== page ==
Many in the coupon industry have been promoting the benefits of digital coupons, claiming that shoppers prefer them. Many couponers who feel otherwise claim that manufacturers are the ones who prefer digital and are just trying to force shoppers to feel the same. So what type of coupons do most people really prefer?

Either. Or neither. Turns out it doesn’t really matter – because a new survey finds that shoppers will go where the deals are best, no matter the format.

That’s what Valassis discovered in its latest annual survey on consumer behavior. The 2021 Consumer Intel Report found that the best coupon is simply the one that saves you the most. “Our data shows consumers choose physical or digital coupons based on the best deal, not the platform,” the report noted.

So digital coupons may be more convenient, more secure and, lately, more popular. But given the choice between a 50-cent digital coupon and a $1 paper coupon – for most shoppers, there’s no contest.

Young people and parents in particular are more likely than most to seek out paper coupons from places like the mail and the newspaper. “But overall use for all these formats is high across all generations,” the report notes.


And so is the use of digital coupons. 71% of consumers use digital coupons, with millennial parents the most likely to do so, at 93%.

So shoppers are willing to look for deals just about anywhere, “choosing coupons not by medium but by value and ease of use,” the report found. For marketers, then, “an omnichannel approach is still completely necessary.”

Overall, 71% of survey respondents said saving money by using coupons and discounts is the most important thing when going grocery shopping. 82% said going to a store with the lowest prices is even more important.

No matter how shoppers choose to save, Valassis noticed “a significant increase in price consciousness,” especially this past year. Nearly three out of four shoppers said they increased their saving behaviors during the coronavirus pandemic, with the vast majority planning to continue doing so.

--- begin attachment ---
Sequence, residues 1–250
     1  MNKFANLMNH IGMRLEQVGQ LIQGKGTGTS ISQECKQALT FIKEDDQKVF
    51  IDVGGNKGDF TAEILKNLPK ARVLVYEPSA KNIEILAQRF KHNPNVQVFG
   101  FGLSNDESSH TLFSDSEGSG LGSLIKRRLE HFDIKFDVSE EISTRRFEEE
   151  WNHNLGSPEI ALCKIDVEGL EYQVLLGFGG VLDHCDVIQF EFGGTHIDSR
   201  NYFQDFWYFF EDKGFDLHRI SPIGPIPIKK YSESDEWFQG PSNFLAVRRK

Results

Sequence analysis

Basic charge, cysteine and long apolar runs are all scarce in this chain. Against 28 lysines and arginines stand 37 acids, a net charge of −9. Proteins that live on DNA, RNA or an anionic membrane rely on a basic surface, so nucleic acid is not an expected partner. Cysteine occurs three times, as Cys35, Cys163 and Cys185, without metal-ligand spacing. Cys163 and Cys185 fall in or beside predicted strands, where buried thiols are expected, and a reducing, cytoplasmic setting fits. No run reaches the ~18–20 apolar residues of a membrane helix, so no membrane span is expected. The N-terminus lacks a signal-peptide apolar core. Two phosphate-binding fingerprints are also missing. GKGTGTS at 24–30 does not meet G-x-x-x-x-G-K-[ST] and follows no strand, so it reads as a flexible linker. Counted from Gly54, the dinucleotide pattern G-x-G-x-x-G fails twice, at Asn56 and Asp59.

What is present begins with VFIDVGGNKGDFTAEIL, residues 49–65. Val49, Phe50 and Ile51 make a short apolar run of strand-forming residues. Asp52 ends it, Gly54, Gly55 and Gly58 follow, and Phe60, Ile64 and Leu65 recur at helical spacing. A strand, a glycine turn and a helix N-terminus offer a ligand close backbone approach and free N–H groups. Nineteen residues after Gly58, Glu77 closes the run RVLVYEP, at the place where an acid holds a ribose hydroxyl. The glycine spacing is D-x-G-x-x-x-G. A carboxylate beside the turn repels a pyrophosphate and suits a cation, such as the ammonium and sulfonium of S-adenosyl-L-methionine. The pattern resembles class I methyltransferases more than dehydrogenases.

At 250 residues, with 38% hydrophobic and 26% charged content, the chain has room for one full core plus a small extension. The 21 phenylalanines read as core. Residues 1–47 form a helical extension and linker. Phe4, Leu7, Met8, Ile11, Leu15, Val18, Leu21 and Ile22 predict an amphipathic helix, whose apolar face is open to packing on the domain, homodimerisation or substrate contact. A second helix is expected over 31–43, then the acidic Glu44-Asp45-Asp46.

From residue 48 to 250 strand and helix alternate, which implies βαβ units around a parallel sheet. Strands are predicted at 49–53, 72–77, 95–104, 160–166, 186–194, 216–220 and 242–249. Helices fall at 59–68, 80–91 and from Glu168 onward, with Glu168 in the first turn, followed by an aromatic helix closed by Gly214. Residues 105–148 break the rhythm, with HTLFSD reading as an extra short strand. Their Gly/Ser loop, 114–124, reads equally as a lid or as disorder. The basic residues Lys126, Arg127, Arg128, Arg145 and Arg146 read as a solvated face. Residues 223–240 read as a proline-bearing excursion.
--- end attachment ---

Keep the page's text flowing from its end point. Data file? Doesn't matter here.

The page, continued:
Aside from a renewed interest in saving money, though, many other shopping routines disrupted during the pandemic have started returning to normal. The report found that online grocery shopping, for example, has already peaked and has just about gone back to pre-pandemic levels. And more than half of those who have been fully vaccinated say they’re comfortable shopping in stores again.

It was very early in the pandemic when some stores went so far as to quit accepting paper coupons, prompting some to predict that this was digital coupons’ moment to take over for good. Digital coupons have indeed become more popular, but Valassis cautions that it doesn’t have to be a zero-sum game. “We haven’t seen the end of the paper coupon,” Valassis says. “Many consumers prefer both digital and paper formats so they don’t miss savings.”

So no need to debate over whether paper is better, or doomed to extinction. Because in the end, it’s the money that matters. “Challenging economic conditions mean consumers will gravitate toward brands offering deals and discounts,” the report concludes. “And the best deal will win” – no matter how it’s delivered.

One Comment

  1. Good to know that shoppers are still savvy, still going for the better discount. But getting rid of paper coupons is a mistake. A paper coupon carried to the store is a reminder to buy the item – and isn’t that what the promotions are designed to do? I appreciate digital coupons as well and will continue to search for them, but just like my grocery list, which is not digital, a paper coupon often prompts me to buy.

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